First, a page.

|NYC COMMUTERS EXPERIENCE
FEWER DELAYS JERSEY CITY, N.J.
September 25, 2001
JERSEY CITY, N.J. --
Transportation officials backed off their initial plan to
reopen the New Jersey-bound lanes of the Holland Tunnel
yesterday (September 24), but commuters still managed to get across the Hudson River with
fewer delays than they suffered last Monday.
In attempts to ease the commuting nightmares caused by the
terrorist attacks on the World Trade Center two weeks ago,
officials launched several stop-gap measures yesterday. They
provided new ferry connections for bus commuters from
Middlesex, Monmouth and Ocean counties and an extra NJ Transit
train heading directly into Manhattan from Union and Essex
"It's a very fluid situation and things are going to keep
changing," said state
Transportation Commissioner James Weinstein. "We're going
to have to be nimble
enough to respond to this in a time frame that's going to have
to be extraordinary."
Early yesterday, officials had been planning to open the
Holland Tunnel at 3 p.m. for
motorists coming out of Manhattan. But by 9 a.m., they
reconsidered and quickly issued notices that the tunnel would
remain closed indefinitely.
"They're evaluating it, and it's a day-to-day
decision," said Steve Coleman, spokesman for the Port
Authority of New York and New Jersey. "The main concern
was how would traffic get to the tunnel without causing
gridlock on the streets in the surrounding area."
While the Holland Tunnel has been shut down, the George
Washington Bridge and Lincoln Tunnel have become clogged. Last
Monday, for example, bumper-to-bumper traffic stretched from
the Lincoln Tunnel all the way back to New Jersey Turnpike
Interchange 14 in Newark, more than a two-hour grind.
"Last Monday sent a message to motorists that using the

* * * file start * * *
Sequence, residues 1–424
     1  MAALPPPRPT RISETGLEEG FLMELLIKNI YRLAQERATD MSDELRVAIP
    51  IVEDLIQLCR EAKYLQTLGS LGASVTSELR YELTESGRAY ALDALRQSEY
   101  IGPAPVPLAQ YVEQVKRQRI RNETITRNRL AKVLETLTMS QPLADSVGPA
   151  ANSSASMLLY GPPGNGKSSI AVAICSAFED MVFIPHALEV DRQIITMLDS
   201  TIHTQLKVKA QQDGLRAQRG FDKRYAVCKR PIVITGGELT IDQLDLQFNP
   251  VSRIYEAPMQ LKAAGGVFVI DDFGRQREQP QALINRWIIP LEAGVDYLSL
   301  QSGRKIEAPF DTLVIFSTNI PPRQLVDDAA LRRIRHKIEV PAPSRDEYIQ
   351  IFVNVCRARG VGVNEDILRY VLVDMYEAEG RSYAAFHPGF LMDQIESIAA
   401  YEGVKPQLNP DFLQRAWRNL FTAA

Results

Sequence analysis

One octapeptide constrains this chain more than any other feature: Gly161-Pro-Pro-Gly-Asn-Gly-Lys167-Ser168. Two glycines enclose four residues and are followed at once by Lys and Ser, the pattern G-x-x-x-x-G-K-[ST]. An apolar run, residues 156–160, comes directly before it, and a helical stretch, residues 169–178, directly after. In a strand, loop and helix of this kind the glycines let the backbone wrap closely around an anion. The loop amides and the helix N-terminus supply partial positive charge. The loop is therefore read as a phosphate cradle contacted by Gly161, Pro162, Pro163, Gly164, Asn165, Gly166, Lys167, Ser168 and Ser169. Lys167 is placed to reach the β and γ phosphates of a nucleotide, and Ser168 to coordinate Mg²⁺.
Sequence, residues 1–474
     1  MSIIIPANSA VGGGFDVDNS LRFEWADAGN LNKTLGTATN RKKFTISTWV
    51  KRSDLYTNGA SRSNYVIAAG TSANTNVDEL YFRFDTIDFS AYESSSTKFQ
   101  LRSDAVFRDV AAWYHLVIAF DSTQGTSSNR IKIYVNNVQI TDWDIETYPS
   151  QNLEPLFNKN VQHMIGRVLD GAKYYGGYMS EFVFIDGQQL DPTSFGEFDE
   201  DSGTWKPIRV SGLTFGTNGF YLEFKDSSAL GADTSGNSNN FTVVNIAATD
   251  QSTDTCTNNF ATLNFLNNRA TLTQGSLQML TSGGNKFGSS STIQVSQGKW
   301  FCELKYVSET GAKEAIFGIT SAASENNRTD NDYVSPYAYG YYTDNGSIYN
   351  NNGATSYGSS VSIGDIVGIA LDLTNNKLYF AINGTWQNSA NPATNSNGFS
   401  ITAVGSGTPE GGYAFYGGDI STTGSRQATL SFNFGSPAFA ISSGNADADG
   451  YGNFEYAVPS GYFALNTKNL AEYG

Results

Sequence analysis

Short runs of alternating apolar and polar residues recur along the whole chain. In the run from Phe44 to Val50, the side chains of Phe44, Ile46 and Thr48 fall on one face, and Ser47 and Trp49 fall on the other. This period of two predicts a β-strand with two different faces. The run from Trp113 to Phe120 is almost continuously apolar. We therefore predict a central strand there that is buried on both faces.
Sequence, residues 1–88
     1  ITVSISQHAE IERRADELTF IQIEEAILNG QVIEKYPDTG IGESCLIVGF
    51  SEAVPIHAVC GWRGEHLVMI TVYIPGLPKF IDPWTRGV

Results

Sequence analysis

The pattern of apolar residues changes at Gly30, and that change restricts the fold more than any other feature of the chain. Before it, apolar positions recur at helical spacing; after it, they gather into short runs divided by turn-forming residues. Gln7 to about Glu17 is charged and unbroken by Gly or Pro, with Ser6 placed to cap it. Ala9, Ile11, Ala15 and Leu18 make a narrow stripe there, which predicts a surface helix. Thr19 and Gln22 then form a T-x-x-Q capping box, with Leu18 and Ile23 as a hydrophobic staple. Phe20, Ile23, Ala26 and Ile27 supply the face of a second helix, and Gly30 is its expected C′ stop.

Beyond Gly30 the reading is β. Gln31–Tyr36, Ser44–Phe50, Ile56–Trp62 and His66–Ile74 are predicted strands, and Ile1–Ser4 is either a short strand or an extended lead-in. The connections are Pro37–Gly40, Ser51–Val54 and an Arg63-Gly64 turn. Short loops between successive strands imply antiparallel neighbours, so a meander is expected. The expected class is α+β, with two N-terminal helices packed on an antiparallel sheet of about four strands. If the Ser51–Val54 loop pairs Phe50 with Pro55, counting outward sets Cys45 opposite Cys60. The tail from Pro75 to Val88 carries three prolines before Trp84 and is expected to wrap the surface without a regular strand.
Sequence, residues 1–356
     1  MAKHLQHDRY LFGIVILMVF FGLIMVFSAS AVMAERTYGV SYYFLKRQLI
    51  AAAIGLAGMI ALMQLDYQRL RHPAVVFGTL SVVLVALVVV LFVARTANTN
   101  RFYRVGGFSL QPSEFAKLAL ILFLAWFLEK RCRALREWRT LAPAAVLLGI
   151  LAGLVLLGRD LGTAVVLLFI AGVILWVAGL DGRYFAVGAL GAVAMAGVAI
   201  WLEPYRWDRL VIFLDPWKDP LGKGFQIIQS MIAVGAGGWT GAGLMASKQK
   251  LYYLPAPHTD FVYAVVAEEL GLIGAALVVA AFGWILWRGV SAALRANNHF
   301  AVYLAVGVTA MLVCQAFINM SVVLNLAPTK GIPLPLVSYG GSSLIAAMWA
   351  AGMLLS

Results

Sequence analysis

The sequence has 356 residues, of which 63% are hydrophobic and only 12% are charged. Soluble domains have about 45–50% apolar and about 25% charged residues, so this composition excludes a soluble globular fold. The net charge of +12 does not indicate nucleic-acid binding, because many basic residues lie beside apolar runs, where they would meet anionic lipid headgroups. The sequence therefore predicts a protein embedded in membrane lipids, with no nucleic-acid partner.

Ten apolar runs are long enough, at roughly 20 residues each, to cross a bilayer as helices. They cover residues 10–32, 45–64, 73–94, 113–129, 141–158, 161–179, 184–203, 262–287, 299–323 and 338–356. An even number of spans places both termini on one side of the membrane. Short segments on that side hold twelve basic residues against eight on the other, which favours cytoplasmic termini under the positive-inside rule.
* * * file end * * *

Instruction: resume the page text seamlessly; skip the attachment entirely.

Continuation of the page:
Lincoln Tunnel during rush
hour was not the most effective way to get into the city, they
have to use mass transit, to use carpools and to change their
working hours," New Jersey Turnpike Executive Director
Edward Gross said. "Nobody wants to spend three-quarters
of their day on the roads."
Yesterday, delays at the Lincoln topped off at about an hour
and were less than that at the George Washington Bridge.
"Other than a little surge, the delays were pretty
typical for this time of year," said Bob Glantzberg,
operations supervisor at TRANSCOM, a coalition of
transportation agencies that gathers traffic information.
Coleman said the delays at the bridge and Lincoln Tunnel
resulted from security checks on trucks heading into
Manhattan, rather than from increased volume because of the
Holland Tunnel's closing.
For example, the George Washington Bridge carried 46,933
vehicles yesterday between 6 and 10 a.m., compared to about
52,000 on a typical weekday before the Sept. 11 attack, said
Coleman. The Lincoln Tunnel, meanwhile, handled 16,037
vehicles during yesterday's morning rush, about 2,500 fewer
Officials speculated that the relocation
and shutdown of firms in Lower Manhattan that were devastated
by the attack was part of the reason for the drop in traffic
at the crossings. But they also have seen increases in people
taking trains and ferries across the Hudson River.
The new bus-ferry link operating out of Liberty State Park
carried about 2,400 people, according to NJ Transit
spokeswoman Penny Bassett-Hackett. The NJ Transit, Academy Bus
and Coach USA/Suburban Transit bus lines that stop along Route
9 and used to go to Lower Manhattan instead dropped riders off
at the ferry dock at Jersey City. From there, bus passengers
were taken by ferry at no extra charge to Pier 16, near the
South Street Seaport in Manhattan.
Meanwhile, other ferry services have thrived in the wake of
the Twin Towers disaster. NY Waterways, for example, has seen
its number of riders jump by almost half, from 34,000 daily
trips before the attack to more than 50,000 a day.
NY Waterways has even rented some boats to companies that want
to secure ferry
service across the Hudson for their employees -- a practice
that has upset some
commuters who say they have had to wait as long as 20 minutes
for ferries open to the public. The chartered ferry business
has spilled over and members of the Yacht Owners Association
of New York have leased their vessels for use as ferries.
"Any business that has had to relocate to Jersey is
finding the trip is taking a toll on its workers, so they're
looking to provide alternative means of getting to work,"
said Frank Giordano of the yacht association.